Two U.K. Judges Quit Hong Kong Court, Citing Lost Freedoms

The president of Britain’s Supreme Court said Wednesday that he and a colleague were stepping down from their roles on Hong Kong’s highest court because the administration of the Chinese territory had “departed from values of political freedom and freedom of expression.”

Their resignations will heighten scrutiny of Hong Kong’s British-style legal system, which the former British colony kept even after it returned to Chinese control in 1997. While the system has long had a reputation of independence, Beijing’s imposition of a strict national security law on Hong Kong in 2020 has put it under increasing pressure to uphold the government’s crackdown on dissent.

Judges from countries including Britain, Australia and New Zealand have served as nonpermanent judges on Hong Kong’s Court of Final Appeal alongside the city’s chief justice and other local judges. The arrangement was devised to maintain the legal system’s contact with the greater common law world even after control of the territory returned to Beijing.

The resignations of the president of Britain’s Supreme Court, of Robert Reed, and Patrick Hodge, the deputy president, will add to questions about the autonomy of Hong Kong’s judiciary.

Lord Reed said in a written statement that judges of Britain’s Supreme Court could not continue sitting in Hong Kong “without appearing to endorse an administration which has departed from values of political freedom, and freedom of expression, to which the Justices of the Supreme Court are deeply committed.”

The national security law had made the question of whether such participation was in Britain’s national interest “increasingly finely balanced,” he said, adding that Hong Kong’s courts “continue to be internationally respected for their commitment to the rule of law.”

The resignations were backed by the British government, with Liz Truss, the foreign secretary, and Dominic Raab, the deputy prime minister, saying they endorsed the move.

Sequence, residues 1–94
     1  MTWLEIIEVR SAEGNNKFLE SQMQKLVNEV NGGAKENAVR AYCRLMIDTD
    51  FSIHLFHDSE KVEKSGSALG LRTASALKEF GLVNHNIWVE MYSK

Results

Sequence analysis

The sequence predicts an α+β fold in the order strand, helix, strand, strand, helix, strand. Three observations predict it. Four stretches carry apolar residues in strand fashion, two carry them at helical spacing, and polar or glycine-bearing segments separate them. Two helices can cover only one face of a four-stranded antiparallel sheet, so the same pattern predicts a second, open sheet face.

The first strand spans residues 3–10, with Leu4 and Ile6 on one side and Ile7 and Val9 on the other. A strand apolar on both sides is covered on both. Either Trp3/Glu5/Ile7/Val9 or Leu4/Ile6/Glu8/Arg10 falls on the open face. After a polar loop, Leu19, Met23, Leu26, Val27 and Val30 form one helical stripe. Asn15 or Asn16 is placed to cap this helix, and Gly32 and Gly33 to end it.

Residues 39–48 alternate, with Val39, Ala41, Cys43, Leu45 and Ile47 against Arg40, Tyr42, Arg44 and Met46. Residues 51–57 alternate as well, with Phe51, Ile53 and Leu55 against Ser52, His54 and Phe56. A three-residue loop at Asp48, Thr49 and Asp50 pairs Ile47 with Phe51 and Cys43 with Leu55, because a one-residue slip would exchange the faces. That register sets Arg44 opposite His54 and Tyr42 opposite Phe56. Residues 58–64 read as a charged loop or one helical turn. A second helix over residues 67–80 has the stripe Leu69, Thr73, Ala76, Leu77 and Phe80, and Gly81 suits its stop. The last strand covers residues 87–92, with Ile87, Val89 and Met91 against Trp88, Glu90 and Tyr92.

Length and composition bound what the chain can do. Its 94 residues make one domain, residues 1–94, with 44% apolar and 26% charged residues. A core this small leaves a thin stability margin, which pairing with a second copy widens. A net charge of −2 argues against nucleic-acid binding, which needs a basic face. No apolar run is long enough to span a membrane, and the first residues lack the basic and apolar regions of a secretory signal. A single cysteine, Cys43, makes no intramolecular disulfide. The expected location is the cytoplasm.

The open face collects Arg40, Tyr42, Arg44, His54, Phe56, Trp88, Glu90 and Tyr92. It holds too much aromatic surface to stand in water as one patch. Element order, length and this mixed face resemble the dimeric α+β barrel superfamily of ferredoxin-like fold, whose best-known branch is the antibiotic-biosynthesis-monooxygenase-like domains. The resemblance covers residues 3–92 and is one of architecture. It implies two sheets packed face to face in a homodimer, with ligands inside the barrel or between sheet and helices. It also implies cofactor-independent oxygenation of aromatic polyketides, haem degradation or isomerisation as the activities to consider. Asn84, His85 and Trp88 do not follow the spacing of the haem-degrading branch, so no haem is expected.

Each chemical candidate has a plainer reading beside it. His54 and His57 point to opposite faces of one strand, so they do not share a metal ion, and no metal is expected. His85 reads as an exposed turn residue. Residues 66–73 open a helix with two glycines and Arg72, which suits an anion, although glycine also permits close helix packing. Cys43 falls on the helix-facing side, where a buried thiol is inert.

“The situation has reached a tipping point where it is no longer tenable for British judges to sit on Hong Kong’s leading court, and would risk legitimizing oppression,” Ms. Truss said in a statement.

Hong Kong officials have staunchly defended the local legal system. Andrew Cheung, the Hong Kong chief justice, dismissed criticism of the courts in a speech in January and denied that the security law had affected the impartiality of judges.

“Judicial independence in Hong Kong exists as a fact,” he said.

The role of the British Supreme Court judges on Hong Kong’s Court of Final Appeal is unique because they are acting judges at home. Other foreign judges on the Hong Kong court, including current members from Britain, Australia and Canada, are retired.

But the resignation of the high-profile British judges could pressure others to follow, legal experts said.

“This will influence a lot of public opinion, even though it may not actually be true in terms of the state of justice in Hong Kong,” said Simon Young, a law professor at the University of Hong Kong.

“This ongoing perception and reality — you see this great divide,” he added. “And then, of course, it puts the other foreign judges in a difficult position because they will be asked, ‘If this is true, why are you staying?’”

James Spigelman, a judge from Australia, stepped down from Hong Kong’s top court in 2020, citing the security law.

More than 150 people have been arrested under the national security law since it was imposed in 2020. They include Jimmy Lai, the founder of a now-shuttered pro-democracy newspaper, and 47 of the city’s most prominent opposition politicians and activists, who were accused of trying to subvert the government by vowing to block its agenda in the legislature.

The law introduced some significant changes to Hong Kong’s system, including allowing the government to designate which judges would hear cases under the law, and strictly limiting bail. Most of the politicians and activists charged under the law remain in jail awaiting trial more than a year later.

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